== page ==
Ethernet in the early 1980s used a passive 9.5mm co-axial cable (Thicknet) in a trunkline/dropline topology. Vampire network taps were used to connect nodes to the network.
Now, instead of that huge, 9.5mm coax, in the near future we’ll have Single Pair Ethernet (SPE); a twisted pair cable carrying both power and data. SPE is smaller, lighter, easier to deploy and supports daisy-chained configurations.
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The IEEE specifies a number of standards for Ethernet communications. The 802.3 set of standards specifies the operation of what we know as Ethernet through twisted pair wires. The 802.11 set of standards specifies the operation of what we know as Ethernet through the air. These standards specify the kinds of wire, connectors, electrical signaling, timing, bus control and much more that is required to create a functional Ethernet network.
Single Pair Ethernet is simply another set of 802.3 physical media standard for moving signals over twisted pair cables. Most of us are familiar with the most common 802.3 standard, 10BASE-T where:
The most common current standards for specifying how Ethernet messages move across twisted pair cables are shown in figure below. In the first two, separate pairs of wires are used for Transmit and Receive. In the 1GBASE-T standard, each pair of wires supports both transmit and receive.
Single Pair Ethernet comprises a set of 802.3 standards for moving Ethernet messages across one single pair of twisted cable. Instead of the two four wires used for 100 Mbit Ethernet or the eight wires used for Gbit Ethernet, SPE uses only two wires. And just like those wired and wireless Ethernet networks, there is an Ethernet MAC and PHY for each SPE standard.
The SPE Ethernet MAC is similar to other Ethernet MACs. It manages access to the Ethernet network and the other housekeeping needed to synchronize with other nodes on the network. The Ethernet PHY, like other Ethernet PHYs, converts between the analog signal on the wire and the digital bits used by the MAC.
Like most of these technologies, it’s easy to get lost in the nomenclature of all the different standards. You can find a cheat sheet of the most important standards in the table below.
|802.3bw||100Base-T1||100 Mbit/s||15m||2015||In Vehicle, Encoders|
|802.3cg||10Base-T1S||10 Mbit/s||25m||2019||Multidrop CAN replacement|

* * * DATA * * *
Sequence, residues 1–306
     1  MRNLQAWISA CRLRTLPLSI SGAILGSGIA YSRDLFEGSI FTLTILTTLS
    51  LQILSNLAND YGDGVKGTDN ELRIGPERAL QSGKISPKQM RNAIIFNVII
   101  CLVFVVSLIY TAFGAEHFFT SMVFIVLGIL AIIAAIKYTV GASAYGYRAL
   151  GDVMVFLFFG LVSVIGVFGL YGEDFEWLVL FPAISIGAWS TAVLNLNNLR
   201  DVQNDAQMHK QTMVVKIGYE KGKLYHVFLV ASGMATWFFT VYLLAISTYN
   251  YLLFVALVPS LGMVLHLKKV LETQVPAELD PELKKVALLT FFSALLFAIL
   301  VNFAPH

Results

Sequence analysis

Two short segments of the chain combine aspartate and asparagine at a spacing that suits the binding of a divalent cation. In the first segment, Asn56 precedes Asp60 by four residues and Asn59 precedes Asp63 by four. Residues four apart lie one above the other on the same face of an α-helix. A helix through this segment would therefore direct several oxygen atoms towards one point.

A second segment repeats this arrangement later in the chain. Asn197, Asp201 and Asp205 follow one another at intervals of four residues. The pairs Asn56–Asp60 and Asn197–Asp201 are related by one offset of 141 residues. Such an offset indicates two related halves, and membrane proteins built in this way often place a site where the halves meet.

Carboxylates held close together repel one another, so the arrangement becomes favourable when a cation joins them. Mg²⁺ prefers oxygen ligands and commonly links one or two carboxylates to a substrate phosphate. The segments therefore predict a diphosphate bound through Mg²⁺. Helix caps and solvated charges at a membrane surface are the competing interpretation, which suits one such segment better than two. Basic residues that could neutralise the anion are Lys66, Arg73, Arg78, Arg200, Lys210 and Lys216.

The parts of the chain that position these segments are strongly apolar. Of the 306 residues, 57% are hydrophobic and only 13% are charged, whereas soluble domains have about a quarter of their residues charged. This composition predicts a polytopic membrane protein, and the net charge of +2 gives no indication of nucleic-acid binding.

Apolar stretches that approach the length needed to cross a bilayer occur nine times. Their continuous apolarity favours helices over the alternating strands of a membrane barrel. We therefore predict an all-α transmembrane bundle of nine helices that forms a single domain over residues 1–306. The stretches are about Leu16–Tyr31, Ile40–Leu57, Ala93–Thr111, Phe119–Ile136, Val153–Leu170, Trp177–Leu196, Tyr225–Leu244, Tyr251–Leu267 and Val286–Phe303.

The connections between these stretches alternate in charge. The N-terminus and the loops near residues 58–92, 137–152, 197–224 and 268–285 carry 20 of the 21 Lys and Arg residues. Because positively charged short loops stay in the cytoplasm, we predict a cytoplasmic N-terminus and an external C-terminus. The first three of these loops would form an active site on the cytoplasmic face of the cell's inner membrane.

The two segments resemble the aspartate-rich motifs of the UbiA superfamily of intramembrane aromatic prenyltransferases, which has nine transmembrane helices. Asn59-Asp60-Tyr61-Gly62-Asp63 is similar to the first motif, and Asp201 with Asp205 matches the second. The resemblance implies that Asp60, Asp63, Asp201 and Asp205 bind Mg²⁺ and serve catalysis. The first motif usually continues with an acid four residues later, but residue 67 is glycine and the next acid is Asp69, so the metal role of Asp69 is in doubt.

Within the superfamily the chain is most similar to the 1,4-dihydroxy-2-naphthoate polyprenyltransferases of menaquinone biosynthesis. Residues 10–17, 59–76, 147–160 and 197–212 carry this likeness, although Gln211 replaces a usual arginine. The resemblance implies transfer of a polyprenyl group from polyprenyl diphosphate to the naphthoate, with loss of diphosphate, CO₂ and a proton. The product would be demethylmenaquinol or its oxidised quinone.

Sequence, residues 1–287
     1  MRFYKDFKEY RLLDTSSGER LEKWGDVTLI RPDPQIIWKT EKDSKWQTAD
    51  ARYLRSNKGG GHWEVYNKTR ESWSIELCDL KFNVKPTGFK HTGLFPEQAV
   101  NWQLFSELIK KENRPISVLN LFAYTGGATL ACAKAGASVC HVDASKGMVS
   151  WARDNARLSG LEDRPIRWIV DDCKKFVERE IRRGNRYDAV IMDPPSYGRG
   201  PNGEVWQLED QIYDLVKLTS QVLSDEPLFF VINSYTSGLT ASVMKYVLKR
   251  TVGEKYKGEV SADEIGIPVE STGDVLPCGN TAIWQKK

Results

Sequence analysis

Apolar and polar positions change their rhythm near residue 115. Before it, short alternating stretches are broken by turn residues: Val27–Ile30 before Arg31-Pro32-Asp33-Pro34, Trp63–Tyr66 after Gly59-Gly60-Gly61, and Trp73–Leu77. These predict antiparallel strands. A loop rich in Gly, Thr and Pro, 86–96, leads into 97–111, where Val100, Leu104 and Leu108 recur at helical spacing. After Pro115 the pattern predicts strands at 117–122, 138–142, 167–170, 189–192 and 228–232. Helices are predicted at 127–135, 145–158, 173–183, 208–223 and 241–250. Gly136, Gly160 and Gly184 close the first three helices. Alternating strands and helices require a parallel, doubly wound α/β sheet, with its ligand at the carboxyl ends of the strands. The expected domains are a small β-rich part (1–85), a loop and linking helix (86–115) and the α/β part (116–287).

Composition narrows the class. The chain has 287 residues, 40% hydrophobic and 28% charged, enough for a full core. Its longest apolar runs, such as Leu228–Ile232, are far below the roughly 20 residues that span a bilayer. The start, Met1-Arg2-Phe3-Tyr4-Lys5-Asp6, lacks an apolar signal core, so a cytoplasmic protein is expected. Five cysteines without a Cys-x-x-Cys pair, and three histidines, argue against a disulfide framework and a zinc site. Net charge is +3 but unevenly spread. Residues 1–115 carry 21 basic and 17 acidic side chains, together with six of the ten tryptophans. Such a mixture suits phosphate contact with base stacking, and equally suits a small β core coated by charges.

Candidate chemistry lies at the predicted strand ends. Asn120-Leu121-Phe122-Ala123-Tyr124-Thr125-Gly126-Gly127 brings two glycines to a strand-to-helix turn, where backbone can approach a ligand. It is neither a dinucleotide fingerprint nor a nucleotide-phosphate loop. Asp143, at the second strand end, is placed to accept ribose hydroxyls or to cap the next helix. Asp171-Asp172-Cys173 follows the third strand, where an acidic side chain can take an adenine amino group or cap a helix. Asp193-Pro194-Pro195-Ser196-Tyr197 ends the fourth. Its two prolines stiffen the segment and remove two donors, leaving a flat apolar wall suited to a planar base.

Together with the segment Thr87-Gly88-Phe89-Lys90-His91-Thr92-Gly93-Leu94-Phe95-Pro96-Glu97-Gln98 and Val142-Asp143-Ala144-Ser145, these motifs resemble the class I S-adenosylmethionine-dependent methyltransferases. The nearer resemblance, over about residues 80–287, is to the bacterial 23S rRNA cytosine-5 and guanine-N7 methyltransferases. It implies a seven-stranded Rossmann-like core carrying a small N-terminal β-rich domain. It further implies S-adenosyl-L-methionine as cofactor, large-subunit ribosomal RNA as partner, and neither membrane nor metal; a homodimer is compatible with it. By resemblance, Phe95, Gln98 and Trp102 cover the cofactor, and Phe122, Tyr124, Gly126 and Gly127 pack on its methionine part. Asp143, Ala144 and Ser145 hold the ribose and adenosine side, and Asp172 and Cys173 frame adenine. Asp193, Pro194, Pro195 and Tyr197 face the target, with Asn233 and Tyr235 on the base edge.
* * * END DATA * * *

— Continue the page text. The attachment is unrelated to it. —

|802.3cg||10Base-T1L||10 Mbit/s||1 Km||2019||Process Transmitters|
|802.3bu||TBD||TBD||TBD||TBD||Power over Data Line|
The 802.3bw standard is the most important one for in-vehicle applications. Automated vehicles require vastly more sensor data, extremely fast communication and short-range operation. The 802.3bw standard is the one to satisfy that application.
802.3bp is the standard for fast Robotic applications. SPE is particularly important to robotics as the bending radius of SPE cabling is vastly improved over today’s options. 802.3bu is the standard that specifies SPE with Power Over Data Lines (PODL) sometimes called “poodle.”
The standard most important to us in automation is the 802.3cg standard. Two 802.3cg standards are important: the short-range standard, 10BASET1S, and the long-range standard, 10BASET1L. The short-range standard provides a method of using IP in discrete applications currently implementing Controller Area networking (CAN), DeviceNet, PROFIBUS DP. The long-range standard provides an IP replacement for process applications using HART and PROFIBUS PA.
The applications for these standards are presented in the below figure.
Single Pair Ethernet is being driven by three big trends.
New requirements for vastly more factory floor data. Industry 4.0 is useless unless the Internet of Things (IoT) can deliver the vast amounts of data required to power analytics, machine learning, preventive maintenance and AI applications that are needed. Manufacturers are facing a world where they must make machines smarter, processes leaner, factories more efficient and productivity higher. This is nearly impossible to do with much of today’s existing factory floor networking infrastructure.